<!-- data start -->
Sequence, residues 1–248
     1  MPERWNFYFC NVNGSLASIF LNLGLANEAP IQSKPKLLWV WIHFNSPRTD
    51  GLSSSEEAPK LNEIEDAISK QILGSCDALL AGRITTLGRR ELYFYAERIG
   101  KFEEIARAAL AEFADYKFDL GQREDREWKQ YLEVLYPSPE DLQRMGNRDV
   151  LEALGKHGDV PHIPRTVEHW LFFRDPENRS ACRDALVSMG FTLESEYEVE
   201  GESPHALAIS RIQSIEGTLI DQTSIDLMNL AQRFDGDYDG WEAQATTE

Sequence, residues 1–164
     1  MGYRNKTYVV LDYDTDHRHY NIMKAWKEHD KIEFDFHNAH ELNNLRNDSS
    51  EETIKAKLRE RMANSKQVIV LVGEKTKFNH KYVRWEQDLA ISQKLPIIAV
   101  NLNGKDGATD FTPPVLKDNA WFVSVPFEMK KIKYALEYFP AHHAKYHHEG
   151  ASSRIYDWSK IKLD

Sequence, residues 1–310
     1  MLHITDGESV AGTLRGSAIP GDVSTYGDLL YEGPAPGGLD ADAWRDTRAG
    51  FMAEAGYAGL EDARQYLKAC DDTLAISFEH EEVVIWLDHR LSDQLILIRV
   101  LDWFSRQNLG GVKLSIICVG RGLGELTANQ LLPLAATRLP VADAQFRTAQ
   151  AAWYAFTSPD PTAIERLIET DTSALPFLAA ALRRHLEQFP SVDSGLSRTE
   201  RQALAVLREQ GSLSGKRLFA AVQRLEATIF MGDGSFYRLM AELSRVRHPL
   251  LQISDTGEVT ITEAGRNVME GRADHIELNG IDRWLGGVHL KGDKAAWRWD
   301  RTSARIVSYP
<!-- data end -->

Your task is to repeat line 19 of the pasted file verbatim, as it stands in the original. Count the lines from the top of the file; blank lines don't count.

   301  RTSARIVSYP